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Student Writing: A Listening Exercise

As an eighth-grade writing teacher, I routinely focus on reading student writing and utilizing it for several purposes. I am designing effective lessons, creating sound rubrics for assessment, developing peer conferences and monitoring their ability to meet standards and benchmarks. However, I often forget about one of our most important, frequently overlooked roles as writing teachers: our role as listeners.
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Creating Authentic Audiences for Writing Students

One of the surest ways to motivate students to not only write, but to write with passion, purpose and power, is to make sure they have an authentic audience. This means they must write for somebody other than me, their teacher. Students must know that there is power in their words and that they can be heard.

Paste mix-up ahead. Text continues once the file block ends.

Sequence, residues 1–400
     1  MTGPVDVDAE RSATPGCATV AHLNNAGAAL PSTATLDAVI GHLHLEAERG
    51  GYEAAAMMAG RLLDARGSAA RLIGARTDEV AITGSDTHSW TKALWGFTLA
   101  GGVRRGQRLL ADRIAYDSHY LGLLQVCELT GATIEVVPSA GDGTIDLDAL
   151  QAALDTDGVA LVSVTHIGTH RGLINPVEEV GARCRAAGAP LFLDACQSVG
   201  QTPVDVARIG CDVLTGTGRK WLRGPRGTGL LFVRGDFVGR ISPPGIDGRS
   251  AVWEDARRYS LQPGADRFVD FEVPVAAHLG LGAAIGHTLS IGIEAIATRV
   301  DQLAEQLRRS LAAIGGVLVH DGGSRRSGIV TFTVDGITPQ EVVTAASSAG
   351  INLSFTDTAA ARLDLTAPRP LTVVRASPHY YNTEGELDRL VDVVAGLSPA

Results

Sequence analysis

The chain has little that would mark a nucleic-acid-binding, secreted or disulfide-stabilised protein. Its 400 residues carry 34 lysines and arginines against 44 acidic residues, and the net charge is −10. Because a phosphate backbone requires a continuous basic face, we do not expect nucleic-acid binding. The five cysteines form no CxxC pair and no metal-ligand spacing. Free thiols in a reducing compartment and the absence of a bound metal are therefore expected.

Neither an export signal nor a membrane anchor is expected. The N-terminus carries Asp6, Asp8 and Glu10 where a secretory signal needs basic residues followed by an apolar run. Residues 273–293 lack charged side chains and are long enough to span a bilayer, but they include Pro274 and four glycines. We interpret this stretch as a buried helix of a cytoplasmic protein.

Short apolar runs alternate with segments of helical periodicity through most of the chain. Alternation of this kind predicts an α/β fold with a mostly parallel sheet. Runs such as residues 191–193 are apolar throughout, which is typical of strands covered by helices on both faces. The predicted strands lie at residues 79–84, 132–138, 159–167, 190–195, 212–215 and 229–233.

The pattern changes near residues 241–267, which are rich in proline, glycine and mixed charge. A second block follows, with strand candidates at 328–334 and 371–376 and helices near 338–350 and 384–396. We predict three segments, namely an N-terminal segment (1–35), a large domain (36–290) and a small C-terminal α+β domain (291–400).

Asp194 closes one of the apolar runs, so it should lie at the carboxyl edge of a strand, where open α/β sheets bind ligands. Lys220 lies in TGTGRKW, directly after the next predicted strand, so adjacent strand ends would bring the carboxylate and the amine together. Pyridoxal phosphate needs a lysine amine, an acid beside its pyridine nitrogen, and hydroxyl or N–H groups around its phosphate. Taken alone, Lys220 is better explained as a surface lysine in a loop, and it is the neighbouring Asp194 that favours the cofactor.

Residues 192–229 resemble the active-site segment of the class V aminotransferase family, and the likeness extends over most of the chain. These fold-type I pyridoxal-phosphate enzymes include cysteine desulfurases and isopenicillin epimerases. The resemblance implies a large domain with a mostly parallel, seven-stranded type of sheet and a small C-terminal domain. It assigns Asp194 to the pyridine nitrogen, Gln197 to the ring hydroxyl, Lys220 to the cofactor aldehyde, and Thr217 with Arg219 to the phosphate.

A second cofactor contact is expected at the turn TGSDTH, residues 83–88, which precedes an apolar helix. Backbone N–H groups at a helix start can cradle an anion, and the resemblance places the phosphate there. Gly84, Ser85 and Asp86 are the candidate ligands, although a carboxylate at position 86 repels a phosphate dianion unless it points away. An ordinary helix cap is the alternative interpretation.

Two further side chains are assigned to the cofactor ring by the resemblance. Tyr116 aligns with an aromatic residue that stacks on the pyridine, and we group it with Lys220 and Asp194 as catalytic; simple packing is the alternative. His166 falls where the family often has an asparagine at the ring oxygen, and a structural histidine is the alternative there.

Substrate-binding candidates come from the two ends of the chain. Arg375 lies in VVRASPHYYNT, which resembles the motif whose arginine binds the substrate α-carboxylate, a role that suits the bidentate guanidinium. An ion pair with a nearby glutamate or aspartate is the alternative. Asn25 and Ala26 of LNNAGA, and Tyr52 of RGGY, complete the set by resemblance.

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Students Write for Audiences Close to Home

Hands jut into the crisp autumn air, restricting my field of vision to a sea of shirtsleeves. While this is not an odd phenomenon after a new writing assignment, the types of questions are. “When will we mail it?” and “Can I make this longer than three paragraphs?” replace heavy sighs of “When is this due, again?”
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